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ESTRANGED (director: Adam Levins; screenwriters: story by William Borthwick & Simon Fantauzzo/Simon Fantauzzo; cinematographer: Gary Shaw; editor: Ben King; music: Brian Crosby; cast: Craig Conway (Thomas), James Cosmo (Albert), Bob Duff (Lord Dunfield), Joy Sanders (Lady Dunfield), Eileen Nicholas (Marilyn), Simon Fantauzzo (Callum), Nora-Jane Noone (Kathrine), James Lance (Laurence), Amy Manson (January); Runtime: 104; MPAA Rating: NR; producers: Alexis Varouxakis/William Borthwick; Vicarious Entertainment; 2015-UK)
A well-delivered dark thriller helmed by first-timer Adam Levins.”

Reviewed by Dennis Schwartz

A well-delivered dark thriller helmed by first-timer Adam Levins. It’s based on a story by William Borthwick & Simon Fantauzzo.

While January (Amy Manson), the young English woman, travels in South America, she’s involved in a near-fatal motorcycle accident which leaves her temporarily wheel-chair bound with a serious brain injury that should heal and a case of amnesia that might not. Her concerned boyfriend, Callum (Simon Quarterman, co-writer and co-producer), escorts her back home to her estranged family’s remote, gated, country estate in the UK. January has not seen them the last six years, and has no recollection of either them or her boyfriend.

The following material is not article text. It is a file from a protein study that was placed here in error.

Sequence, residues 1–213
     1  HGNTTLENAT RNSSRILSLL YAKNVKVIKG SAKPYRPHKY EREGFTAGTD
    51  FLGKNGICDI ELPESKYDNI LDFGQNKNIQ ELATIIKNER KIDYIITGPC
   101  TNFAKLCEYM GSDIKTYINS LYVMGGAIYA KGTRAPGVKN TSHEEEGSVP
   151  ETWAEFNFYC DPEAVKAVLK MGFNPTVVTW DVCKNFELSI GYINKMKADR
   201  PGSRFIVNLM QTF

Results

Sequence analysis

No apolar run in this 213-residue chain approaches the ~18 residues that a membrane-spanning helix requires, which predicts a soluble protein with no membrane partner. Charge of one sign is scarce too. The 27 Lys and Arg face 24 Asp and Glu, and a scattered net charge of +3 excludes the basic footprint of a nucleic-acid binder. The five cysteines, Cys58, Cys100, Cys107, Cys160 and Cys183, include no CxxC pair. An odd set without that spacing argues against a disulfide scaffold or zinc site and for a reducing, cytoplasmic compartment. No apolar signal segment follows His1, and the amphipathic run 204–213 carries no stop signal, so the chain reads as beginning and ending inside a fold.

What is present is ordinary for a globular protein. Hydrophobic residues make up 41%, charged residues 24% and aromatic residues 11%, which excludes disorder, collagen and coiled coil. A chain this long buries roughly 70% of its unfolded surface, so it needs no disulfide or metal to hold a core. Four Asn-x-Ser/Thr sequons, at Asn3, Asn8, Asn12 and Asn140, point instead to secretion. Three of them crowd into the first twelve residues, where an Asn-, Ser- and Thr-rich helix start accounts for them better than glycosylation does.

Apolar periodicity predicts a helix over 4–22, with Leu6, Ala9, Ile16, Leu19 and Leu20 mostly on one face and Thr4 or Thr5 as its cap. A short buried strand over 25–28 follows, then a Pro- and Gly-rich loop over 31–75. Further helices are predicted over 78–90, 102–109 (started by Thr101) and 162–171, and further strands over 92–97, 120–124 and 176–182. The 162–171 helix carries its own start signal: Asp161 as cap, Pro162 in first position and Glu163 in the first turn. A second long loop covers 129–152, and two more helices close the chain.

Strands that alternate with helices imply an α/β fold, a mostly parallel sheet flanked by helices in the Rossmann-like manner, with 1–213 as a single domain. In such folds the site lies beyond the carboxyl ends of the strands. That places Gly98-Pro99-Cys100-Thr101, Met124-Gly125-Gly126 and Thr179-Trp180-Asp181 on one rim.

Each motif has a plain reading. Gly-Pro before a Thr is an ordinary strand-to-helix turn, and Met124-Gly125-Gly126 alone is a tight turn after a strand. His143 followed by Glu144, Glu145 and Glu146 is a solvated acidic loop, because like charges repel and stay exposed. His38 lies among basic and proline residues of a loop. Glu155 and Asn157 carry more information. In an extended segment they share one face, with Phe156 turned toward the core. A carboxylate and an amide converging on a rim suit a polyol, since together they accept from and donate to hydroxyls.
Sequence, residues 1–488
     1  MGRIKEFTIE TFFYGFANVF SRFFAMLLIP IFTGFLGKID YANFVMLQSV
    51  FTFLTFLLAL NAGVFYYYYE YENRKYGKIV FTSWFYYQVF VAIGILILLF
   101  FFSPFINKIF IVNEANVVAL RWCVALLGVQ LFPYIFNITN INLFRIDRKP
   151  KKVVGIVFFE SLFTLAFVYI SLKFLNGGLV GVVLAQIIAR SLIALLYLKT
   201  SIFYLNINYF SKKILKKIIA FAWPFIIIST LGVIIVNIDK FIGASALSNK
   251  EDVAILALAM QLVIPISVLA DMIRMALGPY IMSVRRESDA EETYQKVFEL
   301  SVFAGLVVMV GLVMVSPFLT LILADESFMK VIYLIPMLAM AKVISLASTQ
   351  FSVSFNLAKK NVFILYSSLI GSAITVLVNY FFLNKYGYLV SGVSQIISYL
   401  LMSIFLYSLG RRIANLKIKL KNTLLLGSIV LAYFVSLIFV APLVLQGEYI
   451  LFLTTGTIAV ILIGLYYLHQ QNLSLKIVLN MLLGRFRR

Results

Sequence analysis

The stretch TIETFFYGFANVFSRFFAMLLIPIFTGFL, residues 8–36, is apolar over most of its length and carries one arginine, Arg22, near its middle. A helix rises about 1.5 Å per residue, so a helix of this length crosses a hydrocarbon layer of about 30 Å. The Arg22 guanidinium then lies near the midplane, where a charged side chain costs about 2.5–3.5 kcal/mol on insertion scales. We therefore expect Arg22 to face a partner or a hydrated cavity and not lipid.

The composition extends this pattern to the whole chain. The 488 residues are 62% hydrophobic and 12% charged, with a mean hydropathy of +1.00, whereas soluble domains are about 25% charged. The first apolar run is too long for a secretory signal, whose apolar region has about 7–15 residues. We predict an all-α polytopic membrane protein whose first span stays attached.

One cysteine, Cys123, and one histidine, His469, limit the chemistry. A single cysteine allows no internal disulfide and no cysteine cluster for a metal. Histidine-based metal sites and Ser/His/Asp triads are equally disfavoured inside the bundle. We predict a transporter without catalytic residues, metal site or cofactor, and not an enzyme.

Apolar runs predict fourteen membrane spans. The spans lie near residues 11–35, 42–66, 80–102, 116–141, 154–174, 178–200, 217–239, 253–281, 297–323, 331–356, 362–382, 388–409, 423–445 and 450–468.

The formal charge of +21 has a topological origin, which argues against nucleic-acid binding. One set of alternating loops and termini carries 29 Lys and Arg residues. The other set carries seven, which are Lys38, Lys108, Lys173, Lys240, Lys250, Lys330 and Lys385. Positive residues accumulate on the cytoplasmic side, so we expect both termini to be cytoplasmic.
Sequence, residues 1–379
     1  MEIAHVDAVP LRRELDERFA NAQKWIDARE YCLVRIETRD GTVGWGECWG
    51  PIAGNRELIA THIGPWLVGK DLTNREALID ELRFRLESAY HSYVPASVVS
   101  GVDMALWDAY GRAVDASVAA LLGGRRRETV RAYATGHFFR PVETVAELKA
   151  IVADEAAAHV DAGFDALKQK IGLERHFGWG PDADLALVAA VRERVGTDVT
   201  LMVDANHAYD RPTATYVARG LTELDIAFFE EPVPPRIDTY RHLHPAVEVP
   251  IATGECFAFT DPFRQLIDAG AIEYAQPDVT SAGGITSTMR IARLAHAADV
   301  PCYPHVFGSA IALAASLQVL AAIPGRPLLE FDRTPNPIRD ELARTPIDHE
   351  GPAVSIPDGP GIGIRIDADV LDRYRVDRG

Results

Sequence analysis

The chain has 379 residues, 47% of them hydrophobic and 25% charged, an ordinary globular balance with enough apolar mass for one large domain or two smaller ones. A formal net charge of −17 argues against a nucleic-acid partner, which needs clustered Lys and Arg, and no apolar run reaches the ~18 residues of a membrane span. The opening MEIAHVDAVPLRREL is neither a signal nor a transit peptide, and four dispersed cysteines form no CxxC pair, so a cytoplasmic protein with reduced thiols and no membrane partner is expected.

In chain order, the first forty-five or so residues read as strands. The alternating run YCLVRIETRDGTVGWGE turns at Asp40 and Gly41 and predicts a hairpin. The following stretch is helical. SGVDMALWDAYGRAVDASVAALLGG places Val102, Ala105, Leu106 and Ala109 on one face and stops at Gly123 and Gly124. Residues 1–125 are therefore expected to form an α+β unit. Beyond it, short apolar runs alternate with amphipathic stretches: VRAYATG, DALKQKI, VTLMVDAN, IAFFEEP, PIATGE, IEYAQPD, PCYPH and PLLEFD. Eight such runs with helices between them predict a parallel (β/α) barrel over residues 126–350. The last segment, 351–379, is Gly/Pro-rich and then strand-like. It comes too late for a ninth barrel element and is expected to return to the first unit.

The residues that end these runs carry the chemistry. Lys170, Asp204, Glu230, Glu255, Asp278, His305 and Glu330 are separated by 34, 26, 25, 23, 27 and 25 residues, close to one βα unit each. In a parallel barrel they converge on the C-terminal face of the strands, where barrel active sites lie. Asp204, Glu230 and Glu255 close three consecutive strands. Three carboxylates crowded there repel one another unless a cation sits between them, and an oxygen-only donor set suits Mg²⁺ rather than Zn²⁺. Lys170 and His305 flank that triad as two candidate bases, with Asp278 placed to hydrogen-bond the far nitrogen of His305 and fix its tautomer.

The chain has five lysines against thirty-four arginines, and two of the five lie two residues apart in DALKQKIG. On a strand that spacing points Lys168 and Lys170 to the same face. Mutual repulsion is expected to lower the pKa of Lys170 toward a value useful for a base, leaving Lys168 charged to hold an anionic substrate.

Her gun collecting sinister dad is possessive (James Cosmo), while mom is a weakling who is apologetic (Eileen Nicholas). The old-fashioned very stiff parents abide by outdated rules (in this house there’s no Internet, mobiles, TV, radios and land phones). Meanwhile her emotionally weak sister (Nora-Jane Noone) can’t find a way to relate to her, while her crude brother (James Lance) tries to get her to give him a blow job. His action gets her to start remembering why she left home and why she must again leave. As her memory improves, she feels increasingly trapped alone in a bad situation. Even though cut off from the real world, January becomes more determined to escape from this prison. She also has an other world experience, that helps her see why she must find a way to escape before it’s too late.

It turns into a creepy film, once it gets going, as it builds up the peril angle in this haunting damsel-in-distress narrative. It relies on a great performance by Manson and a fine ensemble cast to be convincingly scary. Though, when we finally learn the dark secrets, it all seems cloudy and if thoroughly examined the contrived tale wouldn’t hold up to further scrutiny. But it catches your attention and is entertaining, and works splendidly if you decide not to be too critical.


Dennis Schwartz: “Ozus’ World Movie Reviews”